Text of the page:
I love Brass: Birmingham. The high interactivity combined with how well it rewards tweezing out every last mote of efficiency is crazy fun. However, it’s also opaque to the point that it’s nigh unapproachable for new players. Learning the nuances of each action and its requirements alongside the minutiae of collective and personal networks means that hitting the appropriate timing to perform decently will require a fair amount of handholding. For example, you’re gonna need to take at least one loan an era, and when you should do that is a really simple call- when you’ve got nothing better to do. Problem is, a new player doesn’t have the experience to make that judgment. I could go on, but suffice to say, there’s just so much going on that most new players will not only have to take an L, but a deflatingly distant one. All that to say, I’m head over heels for Kutnà Hora because it shakes up the economic action selection euro subgenre in a way that makes it much less obtuse while not losing much of the crunch.
A big part of Kutnà Hora’s ease of onboarding is how it front loads the decision of which parts of the economy you’re going to be participating in that game. During setup, guild buildings are stuffed and then put in like stacks on the market board and a guild lots card is drawn, from which players will draft the combination of guilds they’ll have access to that game. Most of these dynamic multi-resource games leave the economy wide open at the beginning, with players only specializing over the course of the game, but Kutnà Hora is able to flatten the balance between players by restricting what they’re able to get into. Since they’ll only need to care about what their three guilds do instead of all six, players are presented with a much less daunting opening, able to do whatever strikes them at first glance with the knowledge that whatever they wind up choosing to do will be within the bonds of the lots’ balance.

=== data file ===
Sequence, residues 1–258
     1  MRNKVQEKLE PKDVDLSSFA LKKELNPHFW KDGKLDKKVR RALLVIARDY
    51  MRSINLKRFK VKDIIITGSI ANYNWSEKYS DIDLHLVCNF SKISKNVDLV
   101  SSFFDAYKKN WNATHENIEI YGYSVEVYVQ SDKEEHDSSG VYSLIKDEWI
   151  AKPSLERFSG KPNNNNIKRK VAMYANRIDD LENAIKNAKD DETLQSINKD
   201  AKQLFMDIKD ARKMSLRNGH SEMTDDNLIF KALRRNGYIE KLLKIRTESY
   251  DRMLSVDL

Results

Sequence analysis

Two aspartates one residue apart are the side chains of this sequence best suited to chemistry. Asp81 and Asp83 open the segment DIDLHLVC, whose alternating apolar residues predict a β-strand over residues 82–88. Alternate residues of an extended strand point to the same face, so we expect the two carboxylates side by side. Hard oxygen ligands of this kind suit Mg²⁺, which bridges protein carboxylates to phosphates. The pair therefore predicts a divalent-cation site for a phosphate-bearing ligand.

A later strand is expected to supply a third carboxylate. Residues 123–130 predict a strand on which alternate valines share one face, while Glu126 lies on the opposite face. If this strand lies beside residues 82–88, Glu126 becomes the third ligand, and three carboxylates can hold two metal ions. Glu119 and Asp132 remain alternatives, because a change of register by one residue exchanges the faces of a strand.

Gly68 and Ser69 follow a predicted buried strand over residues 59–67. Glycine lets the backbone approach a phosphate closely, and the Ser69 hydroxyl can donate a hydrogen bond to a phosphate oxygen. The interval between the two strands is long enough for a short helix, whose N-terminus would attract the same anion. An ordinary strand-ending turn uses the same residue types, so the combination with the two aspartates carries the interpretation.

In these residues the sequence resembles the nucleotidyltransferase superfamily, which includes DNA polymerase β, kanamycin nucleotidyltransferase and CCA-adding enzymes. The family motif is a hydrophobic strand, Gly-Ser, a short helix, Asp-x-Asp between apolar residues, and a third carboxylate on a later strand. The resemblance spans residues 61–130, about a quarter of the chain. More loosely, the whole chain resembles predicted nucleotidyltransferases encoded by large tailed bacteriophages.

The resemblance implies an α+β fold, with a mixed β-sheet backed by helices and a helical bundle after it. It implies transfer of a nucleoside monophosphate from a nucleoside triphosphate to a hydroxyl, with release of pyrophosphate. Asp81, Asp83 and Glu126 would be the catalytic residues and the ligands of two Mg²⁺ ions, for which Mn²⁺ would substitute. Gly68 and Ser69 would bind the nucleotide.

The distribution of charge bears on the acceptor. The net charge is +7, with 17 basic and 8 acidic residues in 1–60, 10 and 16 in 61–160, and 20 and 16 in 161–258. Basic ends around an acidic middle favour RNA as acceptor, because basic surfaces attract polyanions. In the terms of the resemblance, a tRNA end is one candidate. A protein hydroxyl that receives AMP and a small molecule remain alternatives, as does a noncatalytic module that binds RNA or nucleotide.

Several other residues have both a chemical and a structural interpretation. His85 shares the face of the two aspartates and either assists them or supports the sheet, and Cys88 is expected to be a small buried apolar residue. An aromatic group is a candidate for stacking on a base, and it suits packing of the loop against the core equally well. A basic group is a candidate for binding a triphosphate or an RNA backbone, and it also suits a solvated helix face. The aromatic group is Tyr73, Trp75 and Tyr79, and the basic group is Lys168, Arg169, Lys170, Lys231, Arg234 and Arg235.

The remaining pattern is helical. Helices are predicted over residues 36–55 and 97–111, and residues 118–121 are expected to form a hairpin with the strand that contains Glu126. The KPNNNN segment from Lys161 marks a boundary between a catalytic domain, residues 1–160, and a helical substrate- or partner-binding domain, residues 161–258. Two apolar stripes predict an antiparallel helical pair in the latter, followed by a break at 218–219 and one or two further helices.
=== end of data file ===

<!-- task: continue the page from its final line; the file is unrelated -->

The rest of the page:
Once everyone’s picked their guilds and slotted them into their player boards, you’re free to dive into the actual gameplay of Kutnà Hora. Player turns consist of playing two of your dual-use action cards to perform those actions and passing play to the next player, who does the same until you only have two cards left in your hand, at which point you’re only going to resolve one each, the round ends, you pick your cards back up and advance the round tracker, triggering certain effects based on the round number. That’s the basics, but unless you’re going heavy into mining (more on that later), you’ll be getting the majority of your points from slapping building tiles on the city board, a three-step process. Somewhere along the line, you’ll need to buy the rights to the building you want: grab the top building from a guild stack you’re affiliated with or public building you like the neighborhood icons/patrician of, pay the rights cost indicated on the bottom of its column, and rotate that stack to the most expensive slot in that row. You’re also gonna need a plot: if you do this before anyone’s erected a building in Kutnà Hora, you can nab a plot anywhere in the city for five coins, but once the city starts filling up, you’ve got to nab a plot next to an existing building. This can be cheap, since no one wants to live next to the mine vents your neighbor just built, or extremely expensive, since everyone wants a spot next to that fancy new church. Those first two can be done in any order, and one of the many things you’re doing in this game is trying to path those out optimally, but the final step of building is always, unsurprisingly, building, done by paying one of your available buildings’ wood costs multiplied by the current cost of wood, you can toss that tile into one of your plots and carry out the effects associated with it. For guild buildings, you’ll usually be increasing your personal income of the associated resource and lower its price by moving a slider or card on one of the cardboard computers and plopping the leftmost house from the guild’s track on your player board and gaining the associated benefit. Public buildings don’t have an associated resource or house track; instead, you’ll introduce a patrician for scoring alongside a bevy of neighborhood icons you’ll optimally be benefiting from more than your opponents.